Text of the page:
COPENHAGEN - Clara Hughes made a triumphant return to the cycling world championships Tuesday.
The former speedskater was fifth in the women's time trial in her first world championship appearance since 1999. Hughes returned to cycling after retiring from speedskating following the 2010 Vancouver Olympics.
"I just found it really motivating and inspiring to be around the best cyclists in the world," Hughes said. ''I'm coming away with a reality check.
"Not that I need one but I find it really motivating. I have a lot of work to do but I'm also excited because I think this shows I have the potential to be one of the best on the days where it counts."
German Judith Arndt completed the rainy 27.6-kilometre circuit in a winning time of 37 minutes 7.08 seconds. New Zealand's Linda Villumsen finished second, 21.73 seconds behind while defending champion Emma Pooley of Britain was third, 24.13 seconds off the pace.
Tara Whitten of Edmonton was the top Canadian, finishing fourth, 26 seconds behind Arndt. Hughes, a Winnipeg native who turns 39 next week, was 11 seconds behind Whitten.
Rhae-Christie Shaw of Amherstburg, Ont., was seventh, 39.23 behind Arndt.
Hughes won four speedskating medals for Canada — including one gold — over three Winter Olympic Games. She also won a pair of bronze medals in cycling at the 1996 Summer Games.
Hughes finished fifth despite riding in a rain storm that swept the circuit during her time on the course. For the first half of her race, Hughes recorded the fastest split — nearly a minute faster than her closest rival — but slipped to 12th-fastest over the second half of the race once the rain fell.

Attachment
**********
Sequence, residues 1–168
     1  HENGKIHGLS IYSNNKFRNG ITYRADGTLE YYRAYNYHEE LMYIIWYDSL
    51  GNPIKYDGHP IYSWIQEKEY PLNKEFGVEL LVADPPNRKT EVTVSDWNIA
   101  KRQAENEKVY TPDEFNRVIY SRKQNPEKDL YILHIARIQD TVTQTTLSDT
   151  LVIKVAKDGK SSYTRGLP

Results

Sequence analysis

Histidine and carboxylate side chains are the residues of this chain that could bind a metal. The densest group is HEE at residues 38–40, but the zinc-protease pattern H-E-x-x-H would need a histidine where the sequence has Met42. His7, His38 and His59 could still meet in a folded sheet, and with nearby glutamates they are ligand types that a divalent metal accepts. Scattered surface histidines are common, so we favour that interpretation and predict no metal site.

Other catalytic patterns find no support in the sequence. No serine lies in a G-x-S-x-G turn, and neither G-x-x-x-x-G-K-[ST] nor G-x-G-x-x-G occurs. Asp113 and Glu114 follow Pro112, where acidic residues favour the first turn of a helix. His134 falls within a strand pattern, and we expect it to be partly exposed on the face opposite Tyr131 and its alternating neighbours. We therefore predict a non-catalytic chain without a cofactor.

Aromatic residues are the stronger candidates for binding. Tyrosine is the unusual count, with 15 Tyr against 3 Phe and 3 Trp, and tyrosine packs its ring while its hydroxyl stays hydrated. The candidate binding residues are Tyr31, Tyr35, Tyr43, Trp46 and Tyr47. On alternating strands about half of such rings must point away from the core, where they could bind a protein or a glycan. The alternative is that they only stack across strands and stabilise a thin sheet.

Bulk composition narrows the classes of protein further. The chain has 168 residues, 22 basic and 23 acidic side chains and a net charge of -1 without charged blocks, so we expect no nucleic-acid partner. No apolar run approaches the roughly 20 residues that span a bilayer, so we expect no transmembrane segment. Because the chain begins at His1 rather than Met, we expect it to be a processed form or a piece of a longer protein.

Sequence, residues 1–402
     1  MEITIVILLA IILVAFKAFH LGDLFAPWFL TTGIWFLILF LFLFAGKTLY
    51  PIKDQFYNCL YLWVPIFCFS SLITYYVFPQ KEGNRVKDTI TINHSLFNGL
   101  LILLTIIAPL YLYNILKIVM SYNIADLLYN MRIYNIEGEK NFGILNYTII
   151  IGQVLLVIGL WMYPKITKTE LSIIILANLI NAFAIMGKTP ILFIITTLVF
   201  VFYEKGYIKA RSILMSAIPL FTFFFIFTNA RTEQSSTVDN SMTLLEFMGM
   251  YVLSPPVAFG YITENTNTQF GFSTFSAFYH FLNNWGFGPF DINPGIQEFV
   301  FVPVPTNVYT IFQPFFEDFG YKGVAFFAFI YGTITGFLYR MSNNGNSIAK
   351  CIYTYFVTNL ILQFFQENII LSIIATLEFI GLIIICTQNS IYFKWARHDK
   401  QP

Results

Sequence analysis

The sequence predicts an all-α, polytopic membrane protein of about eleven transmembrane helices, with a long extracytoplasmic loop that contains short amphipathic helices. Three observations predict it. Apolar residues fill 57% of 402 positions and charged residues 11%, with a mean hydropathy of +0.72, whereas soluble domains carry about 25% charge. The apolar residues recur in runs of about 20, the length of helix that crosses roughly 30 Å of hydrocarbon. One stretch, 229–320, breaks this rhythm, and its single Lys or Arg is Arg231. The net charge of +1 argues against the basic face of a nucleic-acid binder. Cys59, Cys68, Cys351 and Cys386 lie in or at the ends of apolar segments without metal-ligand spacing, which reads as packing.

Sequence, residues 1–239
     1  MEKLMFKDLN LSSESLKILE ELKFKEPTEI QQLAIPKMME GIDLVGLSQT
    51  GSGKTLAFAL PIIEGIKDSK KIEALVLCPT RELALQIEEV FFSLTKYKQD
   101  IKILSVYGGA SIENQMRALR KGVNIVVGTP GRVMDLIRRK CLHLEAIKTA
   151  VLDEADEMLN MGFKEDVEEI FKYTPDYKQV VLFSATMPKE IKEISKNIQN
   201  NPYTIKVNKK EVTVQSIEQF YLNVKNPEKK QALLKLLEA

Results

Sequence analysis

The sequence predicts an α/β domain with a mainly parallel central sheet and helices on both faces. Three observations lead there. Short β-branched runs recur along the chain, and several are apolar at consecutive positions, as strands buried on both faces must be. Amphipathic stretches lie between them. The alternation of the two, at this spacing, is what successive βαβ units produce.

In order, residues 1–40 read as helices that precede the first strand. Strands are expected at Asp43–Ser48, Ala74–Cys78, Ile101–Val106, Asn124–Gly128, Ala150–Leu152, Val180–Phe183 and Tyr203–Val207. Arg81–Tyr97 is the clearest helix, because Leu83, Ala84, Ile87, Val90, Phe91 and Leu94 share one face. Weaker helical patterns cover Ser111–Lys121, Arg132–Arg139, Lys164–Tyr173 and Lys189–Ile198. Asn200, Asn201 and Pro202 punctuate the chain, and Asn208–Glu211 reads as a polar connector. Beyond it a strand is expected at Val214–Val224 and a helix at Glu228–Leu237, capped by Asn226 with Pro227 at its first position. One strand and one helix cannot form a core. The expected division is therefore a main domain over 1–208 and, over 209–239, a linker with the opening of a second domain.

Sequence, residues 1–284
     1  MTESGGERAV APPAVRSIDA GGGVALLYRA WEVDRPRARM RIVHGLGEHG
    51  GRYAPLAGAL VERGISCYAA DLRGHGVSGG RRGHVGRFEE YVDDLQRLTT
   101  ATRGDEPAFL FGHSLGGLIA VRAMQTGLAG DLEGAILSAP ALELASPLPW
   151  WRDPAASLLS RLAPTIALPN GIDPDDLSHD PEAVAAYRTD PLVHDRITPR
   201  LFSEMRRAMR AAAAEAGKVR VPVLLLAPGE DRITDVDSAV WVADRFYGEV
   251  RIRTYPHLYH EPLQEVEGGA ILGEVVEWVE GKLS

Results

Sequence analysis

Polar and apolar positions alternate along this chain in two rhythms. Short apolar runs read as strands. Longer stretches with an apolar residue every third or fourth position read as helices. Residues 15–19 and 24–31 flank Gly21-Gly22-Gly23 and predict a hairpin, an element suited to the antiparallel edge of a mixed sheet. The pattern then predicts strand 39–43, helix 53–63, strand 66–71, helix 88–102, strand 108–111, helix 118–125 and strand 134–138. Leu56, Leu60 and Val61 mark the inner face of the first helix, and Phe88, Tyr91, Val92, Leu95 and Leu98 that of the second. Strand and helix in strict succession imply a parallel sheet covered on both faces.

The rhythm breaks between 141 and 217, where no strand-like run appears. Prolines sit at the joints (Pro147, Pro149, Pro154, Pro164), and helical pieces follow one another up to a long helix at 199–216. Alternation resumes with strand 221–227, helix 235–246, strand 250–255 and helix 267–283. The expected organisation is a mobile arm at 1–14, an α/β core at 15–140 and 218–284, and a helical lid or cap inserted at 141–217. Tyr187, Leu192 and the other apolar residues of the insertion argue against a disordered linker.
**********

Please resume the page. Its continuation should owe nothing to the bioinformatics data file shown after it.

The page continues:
"It definitely was the first true test for me," she said. "I'm really pleased with my result just dealing with the conditions.
"Also I think a lot of people don't realize that even with all the experience I have in sport over two decades it's always different stepping into a new environment. Definitely the first time I'm stepping back into the entire international scene of road racing, it's intimidating."
Whitten, the defending Omnium world champion, was thrilled with her career-best world time trial performance.
"I'm known for starting too hard and then fading so it was something I was focused on, just being really controlled on the first lap, and having something left to push on the second,'' she said. "I know the conditions played a role today — Clara had wetter conditions on the second lap, and I had it worse on the first lap — but I'm really happy with how I rode my second lap.
"Fourth is tough, especially when it is really close so I'm just re-living a lot of my ride and thinking about where I could have gained time. But at the same time I have to be happy. It's my best result ever at road worlds."
Whitten trailed Hughes by 4.59 seconds after the first lap but improved dramatically over the second half of the race to finish 10.63 seconds ahead and take the lead. After being bumped to second by Villumsen, Whitten went to third once Arndt finished and lost her grip on the bronze medal after Pooley, the last rider on the course, crossed the finish line.
Still, Whitten said having three finishers in the top seven speaks volumes about the strength of the Canadian team.
"It's the strongest team we've had at road worlds for such a long time and it's really exciting that a year out from the Olympics that we have that," she said. "It’s an incredible testament to the talent we have in Canada.
"I had probably the best time trial of my life today, it was too bad it was a couple seconds short of the podium. But it was a huge improvement of what I've done in the past and a big step forward for me. I was proud of how I dealt with the conditions, it was quite wet out there and I was a bit nervous about that."
Shaw, a former triathlete who left a career as an engineer with Microsoft to be a bike racer, was taking part in her first world championship and came in with a very modest goal.
"I'm rooming with Tara and I said to her last night, 'I hope I don't finish last,''' Shaw said.
Shaw, 35, was the seventh starter in the 51-rider field and held the overall lead until being supplanted by Hughes some 13 riders later.